Ohio State’s image received a major facelift despite losing to Texas in the Fiesta Bowl by a 24-21 mark. While a major traditional power like Ohio State normally wouldn’t have anything to do with moral victories, a very impressive loss felt like a win to many after the debacles of the last two National Title Games. Texas benefitted from a questionable spot on a 4 th down conversion during their game-winning drive and Ohio State carried the play for much of the first half. I have a lot of difficulty moving the Buckeyes down after such a strong showing and the AP voters agree with me, actually moving OSU up a spot in their final vote. The Buckeyes rebounded well from an early season beating at USC to play excellent defense the rest of the year and held both Penn State and Texas to their season low point totals. Ohio State is also the only team in the top fifteen starting a freshman quarterback, Terrelle Pryor, and should be a major contender in 2008.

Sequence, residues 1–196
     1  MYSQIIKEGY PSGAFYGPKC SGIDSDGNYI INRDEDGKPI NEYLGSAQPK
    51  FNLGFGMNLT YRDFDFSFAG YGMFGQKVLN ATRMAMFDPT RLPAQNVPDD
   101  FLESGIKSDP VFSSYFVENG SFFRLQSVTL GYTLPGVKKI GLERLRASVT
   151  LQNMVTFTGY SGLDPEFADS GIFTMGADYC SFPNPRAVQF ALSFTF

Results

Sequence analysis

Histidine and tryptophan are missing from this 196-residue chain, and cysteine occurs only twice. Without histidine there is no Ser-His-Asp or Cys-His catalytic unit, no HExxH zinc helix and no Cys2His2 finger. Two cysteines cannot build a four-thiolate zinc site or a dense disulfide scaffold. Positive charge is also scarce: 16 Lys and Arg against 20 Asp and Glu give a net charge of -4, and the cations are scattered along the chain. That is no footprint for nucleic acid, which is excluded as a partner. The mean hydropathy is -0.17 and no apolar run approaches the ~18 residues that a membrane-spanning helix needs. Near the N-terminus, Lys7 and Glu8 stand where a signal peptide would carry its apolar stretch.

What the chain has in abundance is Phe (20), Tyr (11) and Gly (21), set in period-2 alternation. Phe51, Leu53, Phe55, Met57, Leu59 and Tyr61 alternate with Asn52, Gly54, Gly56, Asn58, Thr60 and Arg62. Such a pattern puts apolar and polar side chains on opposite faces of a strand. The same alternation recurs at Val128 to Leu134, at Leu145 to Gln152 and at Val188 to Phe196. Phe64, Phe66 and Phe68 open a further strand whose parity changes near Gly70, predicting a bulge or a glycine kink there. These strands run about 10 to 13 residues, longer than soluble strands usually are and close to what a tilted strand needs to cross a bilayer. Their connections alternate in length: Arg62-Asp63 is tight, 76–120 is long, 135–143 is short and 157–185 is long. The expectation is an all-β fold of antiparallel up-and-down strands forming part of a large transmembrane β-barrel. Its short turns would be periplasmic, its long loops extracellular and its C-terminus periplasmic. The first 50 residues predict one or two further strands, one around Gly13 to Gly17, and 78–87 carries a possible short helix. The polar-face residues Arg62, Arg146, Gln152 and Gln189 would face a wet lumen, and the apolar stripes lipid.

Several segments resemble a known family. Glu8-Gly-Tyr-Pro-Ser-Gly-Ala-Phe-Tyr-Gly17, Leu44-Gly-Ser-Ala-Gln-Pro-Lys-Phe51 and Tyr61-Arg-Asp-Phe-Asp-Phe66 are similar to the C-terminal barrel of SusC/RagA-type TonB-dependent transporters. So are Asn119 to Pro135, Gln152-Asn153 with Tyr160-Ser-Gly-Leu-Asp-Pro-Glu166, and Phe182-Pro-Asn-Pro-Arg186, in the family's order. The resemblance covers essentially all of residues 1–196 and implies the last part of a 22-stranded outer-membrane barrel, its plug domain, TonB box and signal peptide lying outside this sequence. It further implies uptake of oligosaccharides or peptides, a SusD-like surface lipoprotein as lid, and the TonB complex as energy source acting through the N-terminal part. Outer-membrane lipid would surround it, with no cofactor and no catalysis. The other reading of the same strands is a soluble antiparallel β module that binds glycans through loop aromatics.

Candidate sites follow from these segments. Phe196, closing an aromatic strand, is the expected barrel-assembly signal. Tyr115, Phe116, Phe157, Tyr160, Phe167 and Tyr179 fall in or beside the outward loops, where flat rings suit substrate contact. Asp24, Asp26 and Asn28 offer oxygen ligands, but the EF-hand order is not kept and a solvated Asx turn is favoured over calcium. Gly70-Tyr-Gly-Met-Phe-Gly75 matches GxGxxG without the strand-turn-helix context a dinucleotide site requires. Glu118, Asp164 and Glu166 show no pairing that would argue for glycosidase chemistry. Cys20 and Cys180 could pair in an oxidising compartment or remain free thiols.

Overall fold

#9) Texas Christian Horned Frogs (11-2, #12)

TCU continues the top 10 trend of excellent defense. In fact, TCU’s defense was so good that they held Utah (31 points scored on both Alabama and Oregon State) to a measly 13 points in a difficult late season loss. TCU then went out and dominated high-flying Boise State’s offense in a 17-16 Poinsettia Bowl victory. Simply put, TCU could play with almost anyone in the country this year thanks to their swarming defense and is very deserving of a top ten finish.


#10) Texas Tech Red Raiders (11-2, #7)

The trend of good defense ends with Texas Tech, because the Red Raiders seemed incapable of playing any defense all season long, capped off by a 47-35 loss to Ole Miss in the Cotton Bowl. For all of Texas Tech’s offensive wizardry, the Red Raiders still haven’t found nearly enough consistency on defense. In many regards, they’re a great example of the Big XII in 2008: Lethal on offense, weak on defense. Texas Tech loses a lot of excellent players, including senior quarterback Graham Harrell and most of the offensive line and will probably take a step back in 2009 after having one of the best years in school history this fall.

#11) Oregon Ducks (10-3, #19)